be to everybody’s tastes but it certainly tickles my fancy. 9/10 http://www.ghxstmusic.com/
We Are - 'Stone'
Ever since their I heard their debut ep I've had kept All We
Are within my hearing and while they're now a slightly different
band to the folksy troubadors they started out as they've lost
none of their charm, although tour slots with the likes of London
Grammar and Warpaint have provided them with a kind of generic
Foster The People sound which is what 'Stone' is about. They hold
too dear a place in my mp3 player for me to turn greatly critical
but it would sadden me a little to see them slide off into soundtrack
anonymity, although they are doing it really well.
Quiet Band - 'Battery Human'
Frenetic nouveau folk stylings that are perhaps the result of
a tour bus collision involving the Levellers and Franz Ferdinand.
Strident stuff from this Reading quintet whose choral vocalising
brings added depth to their acoustic reveries. Fairly sure I've
heard something of them before now which proves that the Quiet
Quiet Band are something memorable, and their inspired folk rock
does deserve a wider hearing.
Hex - 'Don't Wanna Lose'
Nobody likes to lose, Ex Hex, and with so many kudos from the
media already gracing your press release (starting with the Guardian
and working downwards) plus your smartly poised retake what resembles
one of the lesser known songs of the Runaways, and the roller
skates, you're already winners, leaving me to wonder what exactly
I can add to the praises already heaped upon you. So I'll just
say that Ex Hex are all female and play their instruments like
men. Which is what someone once said about the Runaways.
- 'Levitate Me'
Some musicians are content to just write a song and release it
as a single. Saveus has written about four songs and crammed them
all into one very bewildering three minutes in which 'Levitate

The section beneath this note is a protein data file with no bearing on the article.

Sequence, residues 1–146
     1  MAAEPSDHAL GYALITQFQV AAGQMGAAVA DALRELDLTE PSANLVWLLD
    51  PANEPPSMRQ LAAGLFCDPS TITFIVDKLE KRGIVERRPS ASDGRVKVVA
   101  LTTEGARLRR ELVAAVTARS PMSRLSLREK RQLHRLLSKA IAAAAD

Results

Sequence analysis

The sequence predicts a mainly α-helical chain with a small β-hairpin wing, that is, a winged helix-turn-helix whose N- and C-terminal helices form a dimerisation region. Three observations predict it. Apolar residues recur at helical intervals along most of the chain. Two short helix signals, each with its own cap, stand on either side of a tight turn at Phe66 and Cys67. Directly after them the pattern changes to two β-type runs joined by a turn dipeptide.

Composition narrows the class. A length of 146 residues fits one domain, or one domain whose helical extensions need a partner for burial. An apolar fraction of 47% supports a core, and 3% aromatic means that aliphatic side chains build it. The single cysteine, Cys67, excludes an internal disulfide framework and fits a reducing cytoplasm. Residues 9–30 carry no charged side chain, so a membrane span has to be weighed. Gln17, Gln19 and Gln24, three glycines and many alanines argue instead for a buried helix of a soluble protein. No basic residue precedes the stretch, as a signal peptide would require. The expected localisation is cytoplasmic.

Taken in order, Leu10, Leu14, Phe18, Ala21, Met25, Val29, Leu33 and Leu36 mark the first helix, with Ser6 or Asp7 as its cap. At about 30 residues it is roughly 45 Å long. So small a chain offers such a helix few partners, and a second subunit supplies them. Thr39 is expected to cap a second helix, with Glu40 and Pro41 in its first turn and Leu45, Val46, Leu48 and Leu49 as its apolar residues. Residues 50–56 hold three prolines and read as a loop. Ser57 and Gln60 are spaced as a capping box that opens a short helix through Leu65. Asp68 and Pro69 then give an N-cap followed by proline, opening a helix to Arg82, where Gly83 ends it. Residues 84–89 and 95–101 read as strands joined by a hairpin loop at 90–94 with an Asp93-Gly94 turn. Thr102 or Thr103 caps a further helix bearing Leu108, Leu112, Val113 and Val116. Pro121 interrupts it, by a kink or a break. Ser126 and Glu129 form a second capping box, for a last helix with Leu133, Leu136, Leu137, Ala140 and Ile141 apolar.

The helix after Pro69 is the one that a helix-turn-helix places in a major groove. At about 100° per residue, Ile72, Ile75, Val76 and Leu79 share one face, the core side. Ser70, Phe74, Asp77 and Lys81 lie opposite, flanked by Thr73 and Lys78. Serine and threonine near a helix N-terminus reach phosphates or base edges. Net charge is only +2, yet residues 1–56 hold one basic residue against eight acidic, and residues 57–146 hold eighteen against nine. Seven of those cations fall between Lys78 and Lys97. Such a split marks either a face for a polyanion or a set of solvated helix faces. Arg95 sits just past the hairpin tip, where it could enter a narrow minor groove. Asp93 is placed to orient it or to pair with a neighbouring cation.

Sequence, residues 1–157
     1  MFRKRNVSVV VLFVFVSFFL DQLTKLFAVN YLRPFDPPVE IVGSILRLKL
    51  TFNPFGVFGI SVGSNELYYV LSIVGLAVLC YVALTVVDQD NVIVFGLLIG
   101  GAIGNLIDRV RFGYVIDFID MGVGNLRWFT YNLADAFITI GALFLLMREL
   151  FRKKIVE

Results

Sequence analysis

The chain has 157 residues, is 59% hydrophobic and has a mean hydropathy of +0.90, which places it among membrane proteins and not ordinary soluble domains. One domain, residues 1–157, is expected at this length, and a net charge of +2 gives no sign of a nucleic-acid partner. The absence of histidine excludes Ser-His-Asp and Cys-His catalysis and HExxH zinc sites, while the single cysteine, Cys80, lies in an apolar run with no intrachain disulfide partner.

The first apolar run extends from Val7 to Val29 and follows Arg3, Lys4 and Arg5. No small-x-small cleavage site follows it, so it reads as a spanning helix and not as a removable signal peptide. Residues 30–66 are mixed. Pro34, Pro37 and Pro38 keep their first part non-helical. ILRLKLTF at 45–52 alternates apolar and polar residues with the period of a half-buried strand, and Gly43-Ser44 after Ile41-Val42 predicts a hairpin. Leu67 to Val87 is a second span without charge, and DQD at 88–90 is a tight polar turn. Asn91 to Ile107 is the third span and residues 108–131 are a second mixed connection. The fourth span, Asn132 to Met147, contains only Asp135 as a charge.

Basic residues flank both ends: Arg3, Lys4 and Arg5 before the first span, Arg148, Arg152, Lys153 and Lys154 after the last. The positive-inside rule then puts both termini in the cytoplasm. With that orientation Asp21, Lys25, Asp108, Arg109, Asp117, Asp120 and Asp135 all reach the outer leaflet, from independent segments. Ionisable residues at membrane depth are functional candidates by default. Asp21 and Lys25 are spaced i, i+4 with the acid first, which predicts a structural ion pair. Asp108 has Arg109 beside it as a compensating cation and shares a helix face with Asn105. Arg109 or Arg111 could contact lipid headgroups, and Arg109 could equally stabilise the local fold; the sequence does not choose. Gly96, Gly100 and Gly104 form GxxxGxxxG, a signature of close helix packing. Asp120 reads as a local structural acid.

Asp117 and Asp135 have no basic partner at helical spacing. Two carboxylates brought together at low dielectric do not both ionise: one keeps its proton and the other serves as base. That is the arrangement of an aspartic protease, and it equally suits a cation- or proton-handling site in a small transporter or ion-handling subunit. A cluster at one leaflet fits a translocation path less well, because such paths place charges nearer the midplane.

Me' is alternately a ballad, a club track, a car advert and a
stadium rock anthem. Can't wait for the album.
- 'Open Heart Surgery'
IIt's a first person account of my grandmother getting a triple
heart bypass in her 80s, and the inherent worries about death
that come with it." says Elevant frontman Michael Edward.
I misread that as 'in the 80s' but naming a song after a Brian
Jonestown Massacre track is perhaps nearly as complicated as the
actual medical process and Elevant don't sound a lot like the
BJMs', their 'Open Heart Surgery' is melodic hard rock with a
neatly turned acoustic midsection although anyone who has ever
spent any amount of time in a hospital would probably prefer that
the surgeons listened to Classic FM while doing what it is that
surgeons do their patients. Michael Edward, I hope your gran is
much recovered from her ordeal.
Go - 'The Writing's On The Wall'
... and the paint and countless dominos and other objects are
strewn across the floor of the OK Go studio again. No one can
dispute the invention, care and hours of fine tuning of their
absurd contraptions that OK Go continue to baffle us with, but
they then go and just sound a lot like New Order (you'll need
to close your eyes to really catch that) which, fair enough if
you like New Order but I wouldn't mind if they put as much invention
into their songwriting as their videos.
- 'Clock Hands'
If Mogwai had a female vocalist, they might sound a bit like
Hawk. 'Clock Hands' is a post rock track given a dreamy otherness
by the Beth Gibbon's inspired vocal of Julie Hawk, who also wrote
'Clock Hands' and is obviously a significant talent with much
to say to us. Which I hope isn't why the rest of the band buried
her up to her neck on a beach and then played the video backwards.